Some Thoughts On Postnatal Depression

Image of mother and baby hands for article on postnatal depression counselling

By Gabrielle Gawne-Kelnar, first published on The CAPA Quarterly blog, 2010.

 

Simply inhabiting a female body brings certain things with it, including (for many women) the potential for pregnancy and childbirth; that sacred, yet very earthly human function.

Following the ideals of feminist therapy, which encourages transparency and the telling of women’s own diverse and personal stories as a preferred bank of knowledge over the more sterile, potentially patriarchal, ‘expert’ views (Corey 2005, p.351), I want to reveal some of my own cards here.

At the time of writing, I am not (yet?) a mother. I have been pregnant and have felt the complex pain of miscarriage. Before becoming a therapist, I was a photographer who specialised in photographing women during their pregnancy and after the birth of their children. In so doing, I had the opportunity to hear many stories of how women were experiencing this part of their lives; and how relieved those women were, who had faced postnatal depression and come through it.

What is postnatal depression (PND)?

Now, back to the other ‘expert’ opinions, to see how they might also shape our therapeutic practice.

Depression following childbirth is thought to appear in three main forms:

1. The ‘baby blues’, which around 80% of women experience, and generally lasts only hours to several days (beyondblue 2006; World Health Organisation Collaborating Centre for Mental Health and Substance Abuse (WHO) 2000, p.189).

2. Postnatal depression, which affects ‘almost 16%’ or around one in seven new mothers in Australia, (beyondblue 2009, p.1). PND bears all the hallmarks of a ‘major depressive episode’, except that it begins within three months and up to six months after childbirth (WHO 2000, p.189). Maternal responses during PND can include ‘…severe anxiety and even Panic Attacks…disinterest, fearfulness of being alone with the infant, or overintrusiveness that inhibits adequate infant rest (American Psychiatric Association 2000, p.423). PND can last for over a year.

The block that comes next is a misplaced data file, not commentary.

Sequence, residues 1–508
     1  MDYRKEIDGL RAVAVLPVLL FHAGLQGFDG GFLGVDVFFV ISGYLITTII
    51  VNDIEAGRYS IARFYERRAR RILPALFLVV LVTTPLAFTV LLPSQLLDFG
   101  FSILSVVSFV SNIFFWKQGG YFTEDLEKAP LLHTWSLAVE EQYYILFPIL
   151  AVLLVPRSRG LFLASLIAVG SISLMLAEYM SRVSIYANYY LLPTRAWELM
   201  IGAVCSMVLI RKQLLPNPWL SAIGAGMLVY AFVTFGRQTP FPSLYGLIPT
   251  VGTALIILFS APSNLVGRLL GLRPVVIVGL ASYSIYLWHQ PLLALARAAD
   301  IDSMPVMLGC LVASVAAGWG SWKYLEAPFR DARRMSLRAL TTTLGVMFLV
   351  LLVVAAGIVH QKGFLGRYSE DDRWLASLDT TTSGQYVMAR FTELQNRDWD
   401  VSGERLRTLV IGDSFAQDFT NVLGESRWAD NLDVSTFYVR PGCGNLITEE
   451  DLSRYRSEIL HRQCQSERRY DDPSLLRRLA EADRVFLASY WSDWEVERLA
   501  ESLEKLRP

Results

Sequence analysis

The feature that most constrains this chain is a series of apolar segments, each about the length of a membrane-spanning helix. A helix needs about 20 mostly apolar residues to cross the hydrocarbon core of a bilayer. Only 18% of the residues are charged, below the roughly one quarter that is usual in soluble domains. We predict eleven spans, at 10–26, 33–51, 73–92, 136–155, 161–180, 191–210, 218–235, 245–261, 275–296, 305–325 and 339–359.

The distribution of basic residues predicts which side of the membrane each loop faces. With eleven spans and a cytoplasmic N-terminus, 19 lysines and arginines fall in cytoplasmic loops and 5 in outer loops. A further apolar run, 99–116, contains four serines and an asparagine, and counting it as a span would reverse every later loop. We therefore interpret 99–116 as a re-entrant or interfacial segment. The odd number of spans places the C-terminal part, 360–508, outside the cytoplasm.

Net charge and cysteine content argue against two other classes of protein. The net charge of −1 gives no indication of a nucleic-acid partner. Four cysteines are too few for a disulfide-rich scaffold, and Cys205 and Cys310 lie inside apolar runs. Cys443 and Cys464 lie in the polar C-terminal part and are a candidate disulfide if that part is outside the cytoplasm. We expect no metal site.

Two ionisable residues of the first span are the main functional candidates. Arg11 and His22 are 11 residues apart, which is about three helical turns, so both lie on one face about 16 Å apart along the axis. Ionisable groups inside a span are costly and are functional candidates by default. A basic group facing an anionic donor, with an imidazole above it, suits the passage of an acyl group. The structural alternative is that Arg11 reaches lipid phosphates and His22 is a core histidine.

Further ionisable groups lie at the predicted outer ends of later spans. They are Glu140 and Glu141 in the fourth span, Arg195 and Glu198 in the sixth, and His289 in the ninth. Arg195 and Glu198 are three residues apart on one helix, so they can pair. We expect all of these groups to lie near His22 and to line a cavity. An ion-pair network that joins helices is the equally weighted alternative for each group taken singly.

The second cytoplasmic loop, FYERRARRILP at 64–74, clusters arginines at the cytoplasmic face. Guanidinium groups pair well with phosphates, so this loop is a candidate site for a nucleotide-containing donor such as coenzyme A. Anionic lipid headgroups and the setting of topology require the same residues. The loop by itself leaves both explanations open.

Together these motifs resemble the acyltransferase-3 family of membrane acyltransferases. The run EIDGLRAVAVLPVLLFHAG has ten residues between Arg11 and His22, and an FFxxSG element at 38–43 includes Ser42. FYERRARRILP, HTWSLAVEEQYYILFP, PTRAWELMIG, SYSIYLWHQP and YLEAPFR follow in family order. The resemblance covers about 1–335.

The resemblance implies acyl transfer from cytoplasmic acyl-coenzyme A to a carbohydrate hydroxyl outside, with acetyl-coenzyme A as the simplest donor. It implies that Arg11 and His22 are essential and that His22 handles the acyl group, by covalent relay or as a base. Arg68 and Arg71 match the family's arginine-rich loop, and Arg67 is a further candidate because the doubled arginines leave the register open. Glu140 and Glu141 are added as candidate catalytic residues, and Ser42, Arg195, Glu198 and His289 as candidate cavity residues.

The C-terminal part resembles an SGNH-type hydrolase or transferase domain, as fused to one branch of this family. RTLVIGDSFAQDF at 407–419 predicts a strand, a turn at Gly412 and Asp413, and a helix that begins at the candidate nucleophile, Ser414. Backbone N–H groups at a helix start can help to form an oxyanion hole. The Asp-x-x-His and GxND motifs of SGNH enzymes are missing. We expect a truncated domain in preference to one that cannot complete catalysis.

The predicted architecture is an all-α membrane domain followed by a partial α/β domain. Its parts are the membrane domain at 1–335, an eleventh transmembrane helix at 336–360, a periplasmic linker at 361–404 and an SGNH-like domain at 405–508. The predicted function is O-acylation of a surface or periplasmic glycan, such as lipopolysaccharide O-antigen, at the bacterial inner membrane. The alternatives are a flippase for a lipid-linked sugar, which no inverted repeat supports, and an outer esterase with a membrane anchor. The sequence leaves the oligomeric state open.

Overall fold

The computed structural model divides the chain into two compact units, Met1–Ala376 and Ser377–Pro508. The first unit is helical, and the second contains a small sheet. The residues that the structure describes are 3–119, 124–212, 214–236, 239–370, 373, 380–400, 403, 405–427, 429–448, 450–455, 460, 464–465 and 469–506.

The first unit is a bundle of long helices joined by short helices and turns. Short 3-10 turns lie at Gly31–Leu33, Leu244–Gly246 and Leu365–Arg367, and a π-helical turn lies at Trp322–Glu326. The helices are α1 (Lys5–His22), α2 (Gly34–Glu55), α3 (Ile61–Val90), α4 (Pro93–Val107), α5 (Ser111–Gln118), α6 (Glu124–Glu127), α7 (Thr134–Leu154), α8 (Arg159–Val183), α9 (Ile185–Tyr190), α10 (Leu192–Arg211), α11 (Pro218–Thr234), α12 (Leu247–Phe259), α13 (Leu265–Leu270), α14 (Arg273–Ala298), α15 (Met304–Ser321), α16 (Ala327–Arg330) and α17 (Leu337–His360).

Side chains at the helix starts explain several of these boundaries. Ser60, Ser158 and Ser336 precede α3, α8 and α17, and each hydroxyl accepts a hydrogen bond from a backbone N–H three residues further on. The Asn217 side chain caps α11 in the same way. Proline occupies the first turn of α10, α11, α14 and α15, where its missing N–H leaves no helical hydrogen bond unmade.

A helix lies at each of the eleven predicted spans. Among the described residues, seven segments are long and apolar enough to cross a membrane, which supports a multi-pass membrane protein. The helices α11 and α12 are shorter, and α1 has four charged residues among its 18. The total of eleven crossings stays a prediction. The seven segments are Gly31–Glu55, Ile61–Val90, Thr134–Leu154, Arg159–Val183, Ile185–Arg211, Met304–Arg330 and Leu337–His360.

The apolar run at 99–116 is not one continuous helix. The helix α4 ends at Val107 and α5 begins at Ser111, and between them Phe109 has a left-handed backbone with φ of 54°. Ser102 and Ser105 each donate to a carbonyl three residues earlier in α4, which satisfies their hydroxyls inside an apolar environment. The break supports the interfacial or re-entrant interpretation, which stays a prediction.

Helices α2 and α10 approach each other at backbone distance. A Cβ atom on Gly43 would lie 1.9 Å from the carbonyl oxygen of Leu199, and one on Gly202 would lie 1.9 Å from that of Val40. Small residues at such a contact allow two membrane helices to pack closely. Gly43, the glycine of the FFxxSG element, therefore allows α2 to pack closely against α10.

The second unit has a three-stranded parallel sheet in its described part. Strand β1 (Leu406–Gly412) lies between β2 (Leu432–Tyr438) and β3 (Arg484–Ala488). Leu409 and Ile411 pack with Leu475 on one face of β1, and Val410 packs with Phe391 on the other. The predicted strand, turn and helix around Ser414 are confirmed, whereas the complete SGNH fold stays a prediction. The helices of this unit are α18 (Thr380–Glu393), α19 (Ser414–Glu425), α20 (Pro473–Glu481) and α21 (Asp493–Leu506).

3. Postnatal or puerperal psychosis, which affects around one in 500 new mothers (beyondblue 2006). This involves having difficulty thinking clearly and/or experiencing hallucinations/paranoia/delusions (ibid), even up to the point of ‘command hallucinations to kill the infant or delusions that the infant is possessed’ (American Psychiatric Association, 2000, p.422). It may be influenced by the ‘rapidly changing hormones following childbirth’ (WHO 2009, p.194). It is considered a medical emergency, for which immediate medical attention should be sought.

What might cause PND?


The exact cause of PND is hard to pinpoint. Some likely predictors include a constellation of factors like:

  • relationship challenges
  • little social support
  • major life changes (such as moving house or changing work patterns)
  • recent bereavement
  • previous depressive episodes
  • having a diagnosis of bipolar disorder
  • prior or present abuse
  • problems with the baby’s health
  • ‘having unrealistic expectations of motherhood’ (beyondblue 2009, p.1)
  • ‘previous pregnancy or birth-related crises’ (WHO 2000, p.190)
  • so-called ‘obstetric complications’ (ibid).
    Again, drawing on women’s own stories and experiences, it’s worth noting that the more interventionist forms of ‘obstetric complications’ have also sometimes been called ‘birth rape’, which may give an indication of the trauma experienced, and potentially some understanding as to why these experiences may sometimes be linked to depression.

 

Image of baby holding its mother's hand, illustrating an article on postnatal depression and therapy

How to treat PND?


If PND is left untreated, ‘… the impact on the mother and her children can be profound. Children of depressed mothers have a higher risk of cognitive and behavioural difficulties, as well as impairments in later mental health. When left untreated, PND can impact on family relationships and some studies have also indicated that the partners of women with PND may also be at greater risk of depression’ (beyondblue 2010).

Clearly, if our clients are at risk of PND, we should encourage them to connect with their support networks and/or consult with their medical practitioner/s.

Beyond that, the WHO also recommends:

  • exploring the contributing factors and the common nature of this experience with the woman
  • reassuring her that, ‘“You are not alone”’ (2000, p.192)
  • giving her ‘permission to talk openly’ about her feelings and experiences, as confronting or ambivalent as they may be (ibid)